Flea markets are a New England summer staple. As you drive New England's meandering country roads and explore the region's small towns, the likelihood of stumbling upon an outdoor flea market is quite high.
Flea markets seem to spring up in parking lots, vacant fields and at fairgrounds just about every weekend during the summer travel season. Many of these flea markets are fundraising events for local charitable organizations, so they may only occur one weekend or even one day of the year.
If scouting for bargains and treasures at a flea market is one of your passions, be sure to ask your innkeepers and others you meet during your travels for information about flea market events, or pick up a local newspaper when you arrive.
If you'd rather not leave finding a New England flea market to chance, though, my guide will help you to locate regularly operating flea markets in all six New England states: Connecticut, Maine, Massachusetts, New Hampshire, Rhode Island and Vermont. Among the markets, you'll also find a few that operate indoors year-round.
5 Reasons New England is America's Best Region for Flea Markets
I've made a bold claim, so now I'd better back it up! What exactly makes New England the ideal destination for flea market fans?
1. In New England, most flea markets are actually antiques markets, too, where many vendors sell highly collectible and potentially valuable items--not just cheap overstocks and yard sale junk.
The diversity you'll find at most flea markets in the region makes them so much fun to browse--even if you don't have room in your car or suitcase for large purchases.
2. New England is a region of old homes, farms and factories, and you just know there are still attics and barns and storerooms filled with one-of-a-kind items from the past.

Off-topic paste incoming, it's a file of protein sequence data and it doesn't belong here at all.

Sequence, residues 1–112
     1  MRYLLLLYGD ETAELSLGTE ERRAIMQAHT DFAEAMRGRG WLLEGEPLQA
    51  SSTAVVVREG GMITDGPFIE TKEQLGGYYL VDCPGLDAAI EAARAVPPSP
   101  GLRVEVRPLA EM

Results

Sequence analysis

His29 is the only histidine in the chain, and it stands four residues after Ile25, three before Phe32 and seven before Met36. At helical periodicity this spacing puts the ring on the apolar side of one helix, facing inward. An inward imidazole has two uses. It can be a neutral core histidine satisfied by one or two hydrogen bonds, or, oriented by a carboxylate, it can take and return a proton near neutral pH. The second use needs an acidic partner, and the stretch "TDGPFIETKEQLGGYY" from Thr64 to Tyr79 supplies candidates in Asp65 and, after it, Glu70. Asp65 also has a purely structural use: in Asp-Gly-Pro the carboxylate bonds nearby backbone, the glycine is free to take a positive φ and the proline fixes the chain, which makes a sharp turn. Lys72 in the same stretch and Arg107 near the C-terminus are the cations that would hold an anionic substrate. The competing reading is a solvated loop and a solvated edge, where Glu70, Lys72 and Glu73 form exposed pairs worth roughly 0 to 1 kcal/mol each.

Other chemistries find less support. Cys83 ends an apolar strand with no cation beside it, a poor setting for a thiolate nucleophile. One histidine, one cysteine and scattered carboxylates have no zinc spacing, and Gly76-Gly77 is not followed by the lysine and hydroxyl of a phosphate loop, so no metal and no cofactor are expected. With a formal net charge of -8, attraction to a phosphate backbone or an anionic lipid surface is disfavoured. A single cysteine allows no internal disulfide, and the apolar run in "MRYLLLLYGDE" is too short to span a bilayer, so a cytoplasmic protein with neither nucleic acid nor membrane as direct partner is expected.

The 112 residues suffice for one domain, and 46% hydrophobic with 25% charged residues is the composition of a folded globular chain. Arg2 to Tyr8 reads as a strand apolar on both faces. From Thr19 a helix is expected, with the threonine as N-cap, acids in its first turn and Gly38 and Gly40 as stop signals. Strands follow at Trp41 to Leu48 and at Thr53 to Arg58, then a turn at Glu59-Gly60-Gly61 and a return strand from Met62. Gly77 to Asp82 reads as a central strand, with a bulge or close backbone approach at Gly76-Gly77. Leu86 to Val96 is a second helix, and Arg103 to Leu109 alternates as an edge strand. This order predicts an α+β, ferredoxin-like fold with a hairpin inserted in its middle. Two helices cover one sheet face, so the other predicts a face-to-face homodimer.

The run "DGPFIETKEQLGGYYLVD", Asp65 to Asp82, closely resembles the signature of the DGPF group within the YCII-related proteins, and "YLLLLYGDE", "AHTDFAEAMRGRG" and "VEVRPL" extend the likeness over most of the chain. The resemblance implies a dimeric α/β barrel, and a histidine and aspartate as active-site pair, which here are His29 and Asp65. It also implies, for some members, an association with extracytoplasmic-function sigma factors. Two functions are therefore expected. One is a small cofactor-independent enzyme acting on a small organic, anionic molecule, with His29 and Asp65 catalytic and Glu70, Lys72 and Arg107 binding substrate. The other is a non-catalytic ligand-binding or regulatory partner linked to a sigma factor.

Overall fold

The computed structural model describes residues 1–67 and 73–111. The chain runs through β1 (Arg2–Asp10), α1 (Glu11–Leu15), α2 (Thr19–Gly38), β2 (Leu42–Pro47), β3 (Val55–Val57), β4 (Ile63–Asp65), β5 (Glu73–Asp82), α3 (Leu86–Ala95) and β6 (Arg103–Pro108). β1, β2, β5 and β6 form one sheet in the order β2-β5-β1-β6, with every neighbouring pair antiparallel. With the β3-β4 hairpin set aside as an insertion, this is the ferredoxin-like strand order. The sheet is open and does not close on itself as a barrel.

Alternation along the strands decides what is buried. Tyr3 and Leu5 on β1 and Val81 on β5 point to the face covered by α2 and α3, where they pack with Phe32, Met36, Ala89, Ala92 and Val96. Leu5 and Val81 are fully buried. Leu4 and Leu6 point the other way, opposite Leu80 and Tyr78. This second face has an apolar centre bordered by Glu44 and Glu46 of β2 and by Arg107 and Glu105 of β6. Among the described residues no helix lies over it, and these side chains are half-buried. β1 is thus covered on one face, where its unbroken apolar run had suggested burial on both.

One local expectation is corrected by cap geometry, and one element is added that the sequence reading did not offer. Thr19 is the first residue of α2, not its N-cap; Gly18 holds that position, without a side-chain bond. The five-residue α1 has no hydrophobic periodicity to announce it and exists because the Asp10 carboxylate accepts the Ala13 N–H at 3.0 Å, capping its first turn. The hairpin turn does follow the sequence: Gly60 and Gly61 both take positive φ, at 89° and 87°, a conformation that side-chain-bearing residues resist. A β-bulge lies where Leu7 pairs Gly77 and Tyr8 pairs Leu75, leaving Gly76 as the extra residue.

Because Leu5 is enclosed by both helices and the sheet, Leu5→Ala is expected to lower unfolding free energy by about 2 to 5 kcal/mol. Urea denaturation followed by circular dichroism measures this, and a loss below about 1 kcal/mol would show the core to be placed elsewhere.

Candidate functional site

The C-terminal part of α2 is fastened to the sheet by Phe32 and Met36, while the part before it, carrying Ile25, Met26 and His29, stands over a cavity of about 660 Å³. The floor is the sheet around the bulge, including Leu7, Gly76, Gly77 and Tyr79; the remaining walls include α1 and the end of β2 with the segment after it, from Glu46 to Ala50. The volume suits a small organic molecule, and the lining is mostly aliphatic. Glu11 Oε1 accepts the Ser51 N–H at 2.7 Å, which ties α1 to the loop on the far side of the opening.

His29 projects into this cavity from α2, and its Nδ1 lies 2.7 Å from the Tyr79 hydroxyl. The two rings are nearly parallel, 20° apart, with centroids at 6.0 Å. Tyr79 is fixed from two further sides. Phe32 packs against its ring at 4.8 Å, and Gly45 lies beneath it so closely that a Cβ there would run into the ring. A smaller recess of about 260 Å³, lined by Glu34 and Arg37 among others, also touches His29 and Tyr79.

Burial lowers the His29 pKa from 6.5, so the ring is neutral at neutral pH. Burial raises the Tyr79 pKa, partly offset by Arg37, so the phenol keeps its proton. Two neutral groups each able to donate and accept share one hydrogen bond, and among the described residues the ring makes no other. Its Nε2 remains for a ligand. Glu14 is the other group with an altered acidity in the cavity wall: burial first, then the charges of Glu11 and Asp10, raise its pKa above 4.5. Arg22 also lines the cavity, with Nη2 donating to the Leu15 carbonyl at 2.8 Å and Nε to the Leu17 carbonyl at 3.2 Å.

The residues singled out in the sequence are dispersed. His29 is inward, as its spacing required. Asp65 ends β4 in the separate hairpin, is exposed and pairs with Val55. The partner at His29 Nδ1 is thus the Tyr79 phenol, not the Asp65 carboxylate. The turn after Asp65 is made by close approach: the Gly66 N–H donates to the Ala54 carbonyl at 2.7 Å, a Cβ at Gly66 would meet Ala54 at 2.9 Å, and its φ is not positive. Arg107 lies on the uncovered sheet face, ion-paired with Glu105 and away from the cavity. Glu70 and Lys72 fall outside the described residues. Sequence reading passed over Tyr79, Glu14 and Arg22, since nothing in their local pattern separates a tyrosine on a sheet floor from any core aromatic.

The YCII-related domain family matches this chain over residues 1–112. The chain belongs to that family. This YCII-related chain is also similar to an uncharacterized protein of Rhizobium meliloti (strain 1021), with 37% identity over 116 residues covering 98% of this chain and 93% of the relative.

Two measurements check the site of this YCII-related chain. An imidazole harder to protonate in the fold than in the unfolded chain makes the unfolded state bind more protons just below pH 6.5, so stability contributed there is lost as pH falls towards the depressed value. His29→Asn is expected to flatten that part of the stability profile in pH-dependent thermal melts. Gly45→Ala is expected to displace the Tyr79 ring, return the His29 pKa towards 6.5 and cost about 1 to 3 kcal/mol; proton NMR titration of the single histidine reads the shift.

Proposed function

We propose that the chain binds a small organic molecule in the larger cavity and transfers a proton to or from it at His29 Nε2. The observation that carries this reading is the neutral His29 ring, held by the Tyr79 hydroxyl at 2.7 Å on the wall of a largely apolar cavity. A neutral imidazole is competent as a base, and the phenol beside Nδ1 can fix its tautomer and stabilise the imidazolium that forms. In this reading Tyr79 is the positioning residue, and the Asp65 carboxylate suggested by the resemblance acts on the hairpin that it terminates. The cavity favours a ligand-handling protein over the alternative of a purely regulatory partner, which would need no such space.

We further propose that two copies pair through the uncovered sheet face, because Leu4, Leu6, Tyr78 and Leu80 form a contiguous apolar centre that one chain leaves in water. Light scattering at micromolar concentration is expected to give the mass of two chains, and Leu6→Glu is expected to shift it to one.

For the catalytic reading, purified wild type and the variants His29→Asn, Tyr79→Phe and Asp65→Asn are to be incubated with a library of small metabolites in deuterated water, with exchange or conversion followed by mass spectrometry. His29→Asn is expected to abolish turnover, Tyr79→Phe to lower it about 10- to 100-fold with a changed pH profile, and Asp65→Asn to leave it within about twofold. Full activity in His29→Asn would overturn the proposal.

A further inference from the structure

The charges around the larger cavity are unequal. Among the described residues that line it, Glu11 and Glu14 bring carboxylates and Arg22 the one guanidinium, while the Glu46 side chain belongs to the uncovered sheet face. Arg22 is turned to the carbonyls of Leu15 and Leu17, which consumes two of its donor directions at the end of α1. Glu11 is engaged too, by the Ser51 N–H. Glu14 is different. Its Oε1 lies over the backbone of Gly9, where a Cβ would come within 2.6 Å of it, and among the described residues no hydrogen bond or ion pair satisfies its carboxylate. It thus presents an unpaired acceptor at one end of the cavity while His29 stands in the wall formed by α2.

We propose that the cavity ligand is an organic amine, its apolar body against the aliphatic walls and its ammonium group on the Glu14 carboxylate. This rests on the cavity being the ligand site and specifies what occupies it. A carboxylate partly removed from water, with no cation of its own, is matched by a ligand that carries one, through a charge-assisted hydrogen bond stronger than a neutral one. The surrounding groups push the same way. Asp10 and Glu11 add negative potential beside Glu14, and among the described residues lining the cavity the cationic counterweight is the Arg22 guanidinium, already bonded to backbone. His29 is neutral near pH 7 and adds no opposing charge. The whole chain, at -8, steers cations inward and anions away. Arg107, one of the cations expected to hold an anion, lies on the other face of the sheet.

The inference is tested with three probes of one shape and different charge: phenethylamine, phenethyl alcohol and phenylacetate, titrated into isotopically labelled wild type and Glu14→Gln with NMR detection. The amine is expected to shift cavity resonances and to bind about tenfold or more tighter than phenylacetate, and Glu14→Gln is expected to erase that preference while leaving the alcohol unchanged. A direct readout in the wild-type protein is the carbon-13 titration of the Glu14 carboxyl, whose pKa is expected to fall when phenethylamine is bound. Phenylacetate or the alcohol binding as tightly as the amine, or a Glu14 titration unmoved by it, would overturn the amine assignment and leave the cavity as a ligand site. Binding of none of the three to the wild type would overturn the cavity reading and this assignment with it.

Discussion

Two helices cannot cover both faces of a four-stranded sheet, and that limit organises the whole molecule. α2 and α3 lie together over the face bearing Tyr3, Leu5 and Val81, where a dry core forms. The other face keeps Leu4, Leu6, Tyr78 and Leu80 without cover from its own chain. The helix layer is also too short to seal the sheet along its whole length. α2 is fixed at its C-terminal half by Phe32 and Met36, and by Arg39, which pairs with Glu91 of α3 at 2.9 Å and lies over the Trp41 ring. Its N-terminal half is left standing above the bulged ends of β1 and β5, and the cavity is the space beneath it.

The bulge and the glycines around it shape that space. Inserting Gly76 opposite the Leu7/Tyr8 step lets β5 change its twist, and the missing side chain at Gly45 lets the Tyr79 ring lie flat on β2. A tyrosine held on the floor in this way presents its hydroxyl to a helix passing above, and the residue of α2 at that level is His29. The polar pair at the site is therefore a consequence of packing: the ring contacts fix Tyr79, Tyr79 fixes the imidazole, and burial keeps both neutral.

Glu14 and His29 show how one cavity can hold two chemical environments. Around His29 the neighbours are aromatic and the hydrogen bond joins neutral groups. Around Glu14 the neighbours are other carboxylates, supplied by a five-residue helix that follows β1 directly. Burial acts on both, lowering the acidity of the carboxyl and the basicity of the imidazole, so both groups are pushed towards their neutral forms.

When these treasures do see daylight, it's often at a flea market.
3. Because our six states are huddled close together, you can easily make a weekend of scouting several flea markets. And, if you're a vendor, you can also load up your van or truck and multitask, reaching one group of potential buyers on Saturday, then pedaling your wares elsewhere on Sunday.
4. New Englanders are notorious for being "frugal Yankees," and that means we never throw anything out if it might be of value down the line. It also means we support flea markets, and where the crowds are, the best vendors always are.
5. We have Brimfield: the granddaddy of all flea markets! The Brimfield Antique Show, held three times each year in Brimfield, Massachusetts, is commonly regarded as the largest outdoor antique show in the world. It's a bucket list destination for both serious collectors and the merely curious. Brimfield shows up on just about every top flea market list you'll find including CNN's guide to America's Best Flea Markets, Flea Market Insiders' list of the Top 20 Flea Markets in the US and Travel + Leisure's look at America's Best Flea Markets.